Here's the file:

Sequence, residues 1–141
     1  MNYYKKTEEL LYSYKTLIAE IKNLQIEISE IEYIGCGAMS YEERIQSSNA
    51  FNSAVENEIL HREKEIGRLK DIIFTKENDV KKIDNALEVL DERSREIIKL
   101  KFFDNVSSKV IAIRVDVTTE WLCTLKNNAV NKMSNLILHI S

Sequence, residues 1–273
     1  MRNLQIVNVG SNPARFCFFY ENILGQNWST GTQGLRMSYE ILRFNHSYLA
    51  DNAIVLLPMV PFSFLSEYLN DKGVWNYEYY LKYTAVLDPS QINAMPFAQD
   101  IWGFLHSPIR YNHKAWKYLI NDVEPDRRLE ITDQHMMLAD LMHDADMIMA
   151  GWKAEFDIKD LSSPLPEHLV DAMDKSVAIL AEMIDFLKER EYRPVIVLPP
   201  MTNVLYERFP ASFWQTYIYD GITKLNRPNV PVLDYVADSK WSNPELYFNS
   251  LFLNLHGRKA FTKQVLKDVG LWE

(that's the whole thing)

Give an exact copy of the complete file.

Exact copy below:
Sequence, residues 1–141
     1  MNYYKKTEEL LYSYKTLIAE IKNLQIEISE IEYIGCGAMS YEERIQSSNA
    51  FNSAVENEIL HREKEIGRLK DIIFTKENDV KKIDNALEVL DERSREIIKL
   101  KFFDNVSSKV IAIRVDVTTE WLCTLKNNAV NKMSNLILHI S

Sequence, residues 1–273
     1  MRNLQIVNVG SNPARFCFFY ENILGQNWST GTQGLRMSYE ILRFNHSYLA
    51  DNAIVLLPMV PFSFLSEYLN DKGVWNYEYY LKYTAVLDPS QINAMPFAQD
   101  IWGFLHSPIR YNHKAWKYLI NDVEPDRRLE ITDQHMMLAD LMHDADMIMA
   151  GWKAEFDIKD LSSPLPEHLV DAMDKSVAIL AEMIDFLKER EYRPVIVLPP
   201  MTNVLYERFP ASFWQTYIYD GITKLNRPNV PVLDYVADSK WSNPELYFNS
   251  LFLNLHGRKA FTKQVLKDVG LWE